Food Scarcity From Harlem To The Hudson During The COVID-19 Pandemic

As of mid-September 2020, the COVID-19 pandemic has killed more than 25,000 New Yorkers and sickened an additional 445,000.

A more hidden impact of the pandemic is its effect on food security. Mass losses in employment in the State have curtailed New Yorkers’ ability to afford food.

Stay-at-home orders and social distancing measures have also cut off reliable pathways to food access, such as meals provided in community settings (e.g., houses of worship) or schools.

Many New Yorkers have been forced to choose between their need for food and their own sense of safety, given the risks of contracting or spreading COVID-19 while accessing food during the pandemic.

Many New Yorkers have been forced to choose between their need for food and their own sense of safety, given the risks of contracting or spreading COVID-19 while accessing food during the pandemic.

This report reviews self-reported survey data related to food scarcity in New York State during the initial months of the coronavirus pandemic.

It found:

  • 1 in 10 households experienced food scarcity in the prior week
  • Households with children were more likely to have experienced food scarcity than those without children
  • There are stark disparities in food scarcity by race and ethnicity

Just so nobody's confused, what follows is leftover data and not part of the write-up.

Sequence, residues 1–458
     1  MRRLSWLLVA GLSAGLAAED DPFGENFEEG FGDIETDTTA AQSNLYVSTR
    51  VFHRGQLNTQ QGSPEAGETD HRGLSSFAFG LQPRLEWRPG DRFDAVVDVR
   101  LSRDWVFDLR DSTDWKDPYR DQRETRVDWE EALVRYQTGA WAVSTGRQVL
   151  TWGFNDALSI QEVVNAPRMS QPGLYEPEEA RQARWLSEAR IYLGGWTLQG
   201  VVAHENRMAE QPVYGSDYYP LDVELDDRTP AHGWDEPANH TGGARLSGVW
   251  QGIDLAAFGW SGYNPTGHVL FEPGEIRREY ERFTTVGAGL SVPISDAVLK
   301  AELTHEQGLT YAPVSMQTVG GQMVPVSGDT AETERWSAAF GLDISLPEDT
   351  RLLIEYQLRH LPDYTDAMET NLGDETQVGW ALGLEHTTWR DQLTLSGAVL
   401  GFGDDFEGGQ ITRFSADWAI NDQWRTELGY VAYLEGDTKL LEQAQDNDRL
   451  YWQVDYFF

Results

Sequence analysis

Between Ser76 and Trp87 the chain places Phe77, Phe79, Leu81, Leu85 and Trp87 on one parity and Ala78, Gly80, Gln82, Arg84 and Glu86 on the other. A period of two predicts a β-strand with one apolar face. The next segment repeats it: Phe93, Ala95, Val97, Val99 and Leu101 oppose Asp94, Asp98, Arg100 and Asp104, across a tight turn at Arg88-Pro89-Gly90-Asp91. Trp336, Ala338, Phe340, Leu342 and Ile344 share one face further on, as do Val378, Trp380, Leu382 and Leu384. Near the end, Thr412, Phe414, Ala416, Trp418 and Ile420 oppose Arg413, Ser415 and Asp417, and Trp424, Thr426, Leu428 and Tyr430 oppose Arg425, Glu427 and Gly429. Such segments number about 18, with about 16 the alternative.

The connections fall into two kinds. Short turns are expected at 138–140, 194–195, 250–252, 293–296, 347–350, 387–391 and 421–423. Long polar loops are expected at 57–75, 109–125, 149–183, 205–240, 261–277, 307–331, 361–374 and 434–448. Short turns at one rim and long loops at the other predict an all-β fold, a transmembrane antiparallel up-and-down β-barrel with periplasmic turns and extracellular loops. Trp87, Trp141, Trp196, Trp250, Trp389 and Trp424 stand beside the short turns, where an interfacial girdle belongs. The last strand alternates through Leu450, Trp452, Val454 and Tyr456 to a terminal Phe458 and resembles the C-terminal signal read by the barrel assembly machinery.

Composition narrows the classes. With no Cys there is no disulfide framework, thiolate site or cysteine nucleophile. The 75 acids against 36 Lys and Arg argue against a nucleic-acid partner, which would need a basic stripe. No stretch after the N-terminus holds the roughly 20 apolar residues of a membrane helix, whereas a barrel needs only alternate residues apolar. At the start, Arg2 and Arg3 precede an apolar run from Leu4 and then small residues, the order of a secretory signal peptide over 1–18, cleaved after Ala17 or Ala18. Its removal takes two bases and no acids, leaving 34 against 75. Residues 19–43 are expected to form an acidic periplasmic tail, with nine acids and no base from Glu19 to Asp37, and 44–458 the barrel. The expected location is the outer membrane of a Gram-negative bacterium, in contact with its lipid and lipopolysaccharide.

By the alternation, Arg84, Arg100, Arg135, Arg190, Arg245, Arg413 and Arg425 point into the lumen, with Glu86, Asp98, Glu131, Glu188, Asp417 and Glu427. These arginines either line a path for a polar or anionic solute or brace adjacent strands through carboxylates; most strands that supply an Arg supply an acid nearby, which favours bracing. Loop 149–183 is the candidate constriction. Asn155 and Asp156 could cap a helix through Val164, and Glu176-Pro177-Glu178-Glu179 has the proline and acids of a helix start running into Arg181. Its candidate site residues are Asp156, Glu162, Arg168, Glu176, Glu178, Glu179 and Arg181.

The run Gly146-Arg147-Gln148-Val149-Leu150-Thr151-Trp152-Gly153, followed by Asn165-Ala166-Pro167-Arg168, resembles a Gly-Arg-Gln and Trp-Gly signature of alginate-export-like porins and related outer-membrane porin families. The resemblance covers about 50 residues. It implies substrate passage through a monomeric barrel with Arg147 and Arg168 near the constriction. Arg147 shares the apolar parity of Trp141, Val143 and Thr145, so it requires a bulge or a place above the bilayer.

• Food scarcity is increasingly affecting households that did not struggle to access food prior to the pandemic
  • Mass losses in employment have likely contributed to increases in food scarcity

It presents food scarcity rates by race and ethnicity, age, and household income, as well as compares New York State with neighboring states. Rates are also shown for households with and without children.


Get the best Harlem news in your inbox here.


It assesses how different groups of New Yorkers are accessing free meals and groceries and from which access points (e.g., school programs, food pantries). Finally, it measures how New Yorkers have used or plan to use their federal Economic Impact Payment—known as stimulus checks—for food-related expenses.

It assesses how different groups of New Yorkers are accessing free meals and groceries and from which access points (e.g., school programs, food pantries). Finally, it measures how New Yorkers have used or plan to use their federal Economic Impact Payment—known as stimulus checks—for food-related expenses.

Data from this report come the COVID-19 Household Pulse Survey, an experimental data product designed by the U.S. Census Bureau in collaboration with multiple federal agencies.

The survey provided near real-time data on household experiences during the coronavirus pandemic from April 23, 2020, until July 21, 2020. See Methods for more details on the survey and how rates are developed for this report.

About Harlem World Magazine

Harlem World Magazine is a lifestyle and brand for anyone who has a Harlem state of mind, dedicated to news, history, the renaissance and stories that celebrate our lifestyle.

Leave a Reply